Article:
Location: Natural Resource Management ResearchTitle: Management opportunities for enhancing terrestrial CO2 sinks) Author
Submitted to: Frontiers in Ecology and the Environment
Publication Type: Peer Reviewed Journal
Publication Acceptance Date: 11/24/2012
Publication Date: 12/1/2012
Publication URL: http://handle.nal.usda.gov/10113/56380
Citation: Post, W.M., Izaurralde, R.C., West, T.O., Liebig, M.A., King, A.W. 2012. Management opportunities to enhance terrestrial CO2 sinks. Frontiers in Ecology and the Environment. 10(10):554-561. DOI:10.1890/120065. Interpretive Summary: The biogeochemical potential for mitigating increasing atmospheric carbon dioxide concentration using terrestrial biological carbon (C) sequestration is significant. We estimate the amount of C being sequestered from natural processes at the global, North America and national U.S. scale. The potential of deliberate human action to augment these natural sinks through forestry, biomass fuels, and agriculture is presented and quantified where possible. For some of these activities there is a large potential that can be realized with considerable management and land-use change. For some (e.g., reduced tillage, improved silviculture, woody bioenergy crops) implementation of these changes is already underway because of their economic benefits and co-benefits of additional ecosystem services. Others (e.g., biochar and cellulosic bioenergy crops) require additional research and evaluation of total greenhouse gas impacts to determine if widespread implementation is warranted. Collectively, there is no terrestrial biological management that will solve the carbon dioxide problem, singly or in aggregate. A diversity of current and potential management approaches have significant C sequestration potential, but also have considerable ecosystem benefits beyond C management. Such practices merit aggressive pursuit.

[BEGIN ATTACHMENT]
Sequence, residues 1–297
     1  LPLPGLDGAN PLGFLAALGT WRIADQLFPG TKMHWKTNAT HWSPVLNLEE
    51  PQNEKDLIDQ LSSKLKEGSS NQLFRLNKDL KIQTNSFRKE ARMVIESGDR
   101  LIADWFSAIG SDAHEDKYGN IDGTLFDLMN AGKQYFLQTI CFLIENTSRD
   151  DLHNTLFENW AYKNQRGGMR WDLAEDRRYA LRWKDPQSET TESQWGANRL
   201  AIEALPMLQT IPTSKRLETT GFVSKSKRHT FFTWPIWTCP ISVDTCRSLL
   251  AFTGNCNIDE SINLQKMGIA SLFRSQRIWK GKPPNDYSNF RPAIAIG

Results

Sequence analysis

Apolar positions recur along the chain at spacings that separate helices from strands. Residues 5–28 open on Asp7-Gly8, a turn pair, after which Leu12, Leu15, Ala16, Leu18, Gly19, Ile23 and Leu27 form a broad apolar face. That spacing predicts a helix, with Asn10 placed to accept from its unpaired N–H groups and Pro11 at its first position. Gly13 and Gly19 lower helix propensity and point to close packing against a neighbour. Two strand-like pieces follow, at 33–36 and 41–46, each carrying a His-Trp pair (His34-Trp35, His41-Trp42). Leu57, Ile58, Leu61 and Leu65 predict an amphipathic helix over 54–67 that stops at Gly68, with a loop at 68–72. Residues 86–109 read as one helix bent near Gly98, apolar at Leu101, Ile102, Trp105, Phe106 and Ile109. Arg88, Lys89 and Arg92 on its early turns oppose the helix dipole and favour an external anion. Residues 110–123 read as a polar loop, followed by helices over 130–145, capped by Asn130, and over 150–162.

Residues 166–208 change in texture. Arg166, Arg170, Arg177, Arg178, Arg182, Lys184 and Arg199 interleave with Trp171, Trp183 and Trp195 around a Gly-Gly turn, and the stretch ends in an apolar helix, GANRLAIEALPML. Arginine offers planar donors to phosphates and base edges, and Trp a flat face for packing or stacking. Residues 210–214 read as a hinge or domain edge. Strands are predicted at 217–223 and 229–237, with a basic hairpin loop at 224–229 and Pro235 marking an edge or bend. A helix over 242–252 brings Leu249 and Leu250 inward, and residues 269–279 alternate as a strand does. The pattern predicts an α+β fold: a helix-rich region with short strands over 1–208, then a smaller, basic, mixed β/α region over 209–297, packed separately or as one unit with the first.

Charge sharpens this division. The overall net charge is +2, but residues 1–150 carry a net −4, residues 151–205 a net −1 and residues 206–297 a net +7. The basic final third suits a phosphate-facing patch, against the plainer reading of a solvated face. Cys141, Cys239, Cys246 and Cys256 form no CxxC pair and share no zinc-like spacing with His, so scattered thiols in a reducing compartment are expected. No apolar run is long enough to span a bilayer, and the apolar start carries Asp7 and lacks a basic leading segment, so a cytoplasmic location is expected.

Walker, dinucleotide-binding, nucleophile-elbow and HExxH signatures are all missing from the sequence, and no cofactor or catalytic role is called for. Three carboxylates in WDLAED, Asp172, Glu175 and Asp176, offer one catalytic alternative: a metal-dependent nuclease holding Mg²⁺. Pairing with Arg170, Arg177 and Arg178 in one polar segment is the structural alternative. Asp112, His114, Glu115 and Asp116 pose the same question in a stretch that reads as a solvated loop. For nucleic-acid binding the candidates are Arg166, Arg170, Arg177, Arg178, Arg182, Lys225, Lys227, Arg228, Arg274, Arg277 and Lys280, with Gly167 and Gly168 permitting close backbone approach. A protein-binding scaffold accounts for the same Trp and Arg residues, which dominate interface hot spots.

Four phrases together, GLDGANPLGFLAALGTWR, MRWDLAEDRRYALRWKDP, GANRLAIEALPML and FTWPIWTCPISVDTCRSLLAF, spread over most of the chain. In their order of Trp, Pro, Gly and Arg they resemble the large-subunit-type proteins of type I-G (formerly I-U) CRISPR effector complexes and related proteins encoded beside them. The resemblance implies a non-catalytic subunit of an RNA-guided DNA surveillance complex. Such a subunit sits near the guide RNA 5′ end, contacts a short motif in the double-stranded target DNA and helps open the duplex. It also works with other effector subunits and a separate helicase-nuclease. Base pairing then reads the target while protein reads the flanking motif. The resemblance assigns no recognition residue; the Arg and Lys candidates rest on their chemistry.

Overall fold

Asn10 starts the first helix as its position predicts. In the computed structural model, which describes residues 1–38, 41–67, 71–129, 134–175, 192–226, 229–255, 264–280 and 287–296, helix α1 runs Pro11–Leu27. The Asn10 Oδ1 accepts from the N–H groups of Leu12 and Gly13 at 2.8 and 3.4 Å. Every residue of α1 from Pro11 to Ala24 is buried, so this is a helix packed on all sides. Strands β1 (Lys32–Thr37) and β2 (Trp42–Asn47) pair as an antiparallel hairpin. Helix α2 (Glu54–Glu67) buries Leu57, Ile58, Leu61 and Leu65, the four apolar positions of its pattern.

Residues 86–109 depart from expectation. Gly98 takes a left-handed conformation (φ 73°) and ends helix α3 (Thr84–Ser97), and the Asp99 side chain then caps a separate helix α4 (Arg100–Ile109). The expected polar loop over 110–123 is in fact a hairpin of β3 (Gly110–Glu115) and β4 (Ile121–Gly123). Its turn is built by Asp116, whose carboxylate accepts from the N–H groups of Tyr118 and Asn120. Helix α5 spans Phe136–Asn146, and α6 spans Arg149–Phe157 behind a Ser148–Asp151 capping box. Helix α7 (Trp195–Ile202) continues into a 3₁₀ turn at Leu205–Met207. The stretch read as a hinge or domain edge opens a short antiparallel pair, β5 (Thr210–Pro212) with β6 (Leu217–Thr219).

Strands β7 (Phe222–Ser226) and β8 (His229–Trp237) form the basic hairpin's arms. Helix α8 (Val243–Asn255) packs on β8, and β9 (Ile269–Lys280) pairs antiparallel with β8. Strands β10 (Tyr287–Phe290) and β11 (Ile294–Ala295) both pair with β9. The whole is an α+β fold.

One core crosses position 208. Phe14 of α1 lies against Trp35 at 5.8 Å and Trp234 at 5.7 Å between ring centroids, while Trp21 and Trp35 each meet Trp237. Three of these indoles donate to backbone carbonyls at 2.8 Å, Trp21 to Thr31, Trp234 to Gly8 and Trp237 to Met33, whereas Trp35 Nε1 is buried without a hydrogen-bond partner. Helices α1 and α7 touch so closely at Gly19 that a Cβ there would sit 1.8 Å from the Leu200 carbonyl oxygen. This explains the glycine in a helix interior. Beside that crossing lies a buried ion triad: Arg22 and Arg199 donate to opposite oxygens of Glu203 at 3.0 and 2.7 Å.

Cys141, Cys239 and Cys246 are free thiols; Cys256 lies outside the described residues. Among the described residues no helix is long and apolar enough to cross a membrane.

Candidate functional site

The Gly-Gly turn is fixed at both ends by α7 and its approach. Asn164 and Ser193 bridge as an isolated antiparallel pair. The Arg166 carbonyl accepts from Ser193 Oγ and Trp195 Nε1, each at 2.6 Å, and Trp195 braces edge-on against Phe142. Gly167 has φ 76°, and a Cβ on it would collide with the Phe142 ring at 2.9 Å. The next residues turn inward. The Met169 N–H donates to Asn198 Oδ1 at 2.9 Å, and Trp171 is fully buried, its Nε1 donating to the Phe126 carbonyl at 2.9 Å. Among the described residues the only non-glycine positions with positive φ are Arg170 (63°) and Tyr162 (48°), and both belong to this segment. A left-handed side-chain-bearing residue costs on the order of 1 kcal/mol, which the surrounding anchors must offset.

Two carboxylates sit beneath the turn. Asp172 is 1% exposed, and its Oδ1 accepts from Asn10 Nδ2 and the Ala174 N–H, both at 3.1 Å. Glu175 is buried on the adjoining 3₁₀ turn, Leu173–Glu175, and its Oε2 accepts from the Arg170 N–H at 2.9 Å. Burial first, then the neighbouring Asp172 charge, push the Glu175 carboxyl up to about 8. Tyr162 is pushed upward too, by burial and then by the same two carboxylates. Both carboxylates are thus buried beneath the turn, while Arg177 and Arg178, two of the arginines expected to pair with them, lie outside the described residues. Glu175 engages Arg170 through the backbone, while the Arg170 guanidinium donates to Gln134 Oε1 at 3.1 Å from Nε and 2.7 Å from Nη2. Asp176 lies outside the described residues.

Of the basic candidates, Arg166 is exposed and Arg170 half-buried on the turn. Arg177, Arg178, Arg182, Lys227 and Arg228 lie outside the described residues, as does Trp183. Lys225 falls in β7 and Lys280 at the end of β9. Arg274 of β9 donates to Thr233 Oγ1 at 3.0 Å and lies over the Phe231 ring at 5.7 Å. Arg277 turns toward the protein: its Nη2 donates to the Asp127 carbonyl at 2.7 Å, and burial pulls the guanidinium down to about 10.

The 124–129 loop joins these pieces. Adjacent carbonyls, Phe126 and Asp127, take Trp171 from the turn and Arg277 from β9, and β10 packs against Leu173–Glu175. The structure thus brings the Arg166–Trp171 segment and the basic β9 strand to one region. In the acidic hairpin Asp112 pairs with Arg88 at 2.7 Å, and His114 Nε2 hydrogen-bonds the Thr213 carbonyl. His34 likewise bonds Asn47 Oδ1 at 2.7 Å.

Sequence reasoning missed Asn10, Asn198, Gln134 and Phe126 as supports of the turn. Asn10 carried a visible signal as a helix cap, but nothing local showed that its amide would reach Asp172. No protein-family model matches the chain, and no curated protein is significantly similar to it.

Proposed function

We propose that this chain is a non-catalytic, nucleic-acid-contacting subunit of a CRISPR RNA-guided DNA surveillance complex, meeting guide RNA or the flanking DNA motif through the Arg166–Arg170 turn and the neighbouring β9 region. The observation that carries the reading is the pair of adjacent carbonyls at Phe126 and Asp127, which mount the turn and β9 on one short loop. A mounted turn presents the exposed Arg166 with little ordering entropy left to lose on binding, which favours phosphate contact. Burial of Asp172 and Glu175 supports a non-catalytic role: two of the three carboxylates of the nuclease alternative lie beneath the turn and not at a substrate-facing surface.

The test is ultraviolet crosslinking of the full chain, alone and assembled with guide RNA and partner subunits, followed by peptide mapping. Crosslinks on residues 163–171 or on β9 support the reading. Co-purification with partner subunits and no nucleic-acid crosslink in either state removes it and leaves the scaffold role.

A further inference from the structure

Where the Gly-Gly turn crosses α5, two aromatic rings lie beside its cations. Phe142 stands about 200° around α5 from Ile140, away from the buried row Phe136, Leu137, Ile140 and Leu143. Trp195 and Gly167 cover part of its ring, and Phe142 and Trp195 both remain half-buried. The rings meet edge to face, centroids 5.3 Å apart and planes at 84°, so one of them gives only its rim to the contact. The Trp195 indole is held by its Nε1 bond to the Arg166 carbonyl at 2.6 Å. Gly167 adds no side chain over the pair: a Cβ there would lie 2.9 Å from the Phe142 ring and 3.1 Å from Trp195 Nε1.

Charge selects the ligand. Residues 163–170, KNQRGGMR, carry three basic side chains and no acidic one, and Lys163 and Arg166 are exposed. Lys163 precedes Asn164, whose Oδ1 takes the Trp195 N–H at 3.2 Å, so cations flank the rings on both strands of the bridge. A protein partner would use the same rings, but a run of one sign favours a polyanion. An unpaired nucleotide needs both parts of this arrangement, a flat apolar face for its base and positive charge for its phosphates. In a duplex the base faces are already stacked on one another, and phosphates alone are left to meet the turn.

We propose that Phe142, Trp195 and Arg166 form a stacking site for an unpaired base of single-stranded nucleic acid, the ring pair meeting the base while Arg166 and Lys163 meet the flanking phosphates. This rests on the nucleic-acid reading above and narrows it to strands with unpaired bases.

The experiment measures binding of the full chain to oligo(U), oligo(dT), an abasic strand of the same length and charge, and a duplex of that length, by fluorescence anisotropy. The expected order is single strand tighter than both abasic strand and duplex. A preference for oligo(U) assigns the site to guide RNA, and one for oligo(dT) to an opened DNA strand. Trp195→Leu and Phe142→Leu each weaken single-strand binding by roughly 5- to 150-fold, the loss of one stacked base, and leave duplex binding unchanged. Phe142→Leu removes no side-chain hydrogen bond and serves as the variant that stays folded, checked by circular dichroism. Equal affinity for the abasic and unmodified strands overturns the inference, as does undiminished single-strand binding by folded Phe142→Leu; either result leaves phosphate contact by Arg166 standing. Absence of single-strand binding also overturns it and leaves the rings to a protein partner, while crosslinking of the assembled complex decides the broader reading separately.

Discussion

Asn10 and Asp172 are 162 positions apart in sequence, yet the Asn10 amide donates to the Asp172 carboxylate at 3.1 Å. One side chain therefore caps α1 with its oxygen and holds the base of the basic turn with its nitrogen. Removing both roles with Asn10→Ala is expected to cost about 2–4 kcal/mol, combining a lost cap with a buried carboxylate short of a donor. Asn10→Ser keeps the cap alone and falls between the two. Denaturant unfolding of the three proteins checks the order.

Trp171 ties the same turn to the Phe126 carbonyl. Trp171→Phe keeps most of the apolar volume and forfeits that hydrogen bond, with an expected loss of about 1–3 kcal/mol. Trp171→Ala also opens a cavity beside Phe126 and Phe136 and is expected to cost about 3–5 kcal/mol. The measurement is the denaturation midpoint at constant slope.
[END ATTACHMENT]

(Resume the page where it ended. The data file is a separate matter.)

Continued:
Technical Abstract: To address climate change and the implications of a global mean temperature increase of more than two degrees Celsius over current levels will require terrestrial carbon (C) management along with reductions in fossil fuel emissions. To achieve all or part of the global terrestrial C sequestration potential requires managing, in a concerted way, vast tracts of lands and implementing novel C sequestration methods. Using published data, we estimate the amount of C sequestered through forestry, biofeedstock production, and agriculture at different spatial scales. Forestry activities (e.g., afforestation, reforestation, deforestation avoidance, biomass energy, wood products management, and improved forest management) were found to potentially increase C sequestration in the U.S. by 370 to 740 Tg CO2-equivalent per year. The largest potential for soil C sequestration with agriculture was with no-till, averaging 1.22 t CO2-equivalent per hectare per year (range = -0.24 to 3.22 t CO2-equivalent per hectare per year). Changes in land management for the purposes of C sequestration can increase or decrease greenhouse gas (GHG) emissions. Total net GHG emissions must be considered using the widest applicable system boundaries of the sequestration activities to estimate net impact on the atmosphere. Collectively, there is no terrestrial biological management that will solve the CO2 problem, singly or in aggregate. A diversity of current and potential management approaches have significant C sequestration potential, but also have considerable ecosystem benefits beyond C management. Such practices merit aggressive pursuit.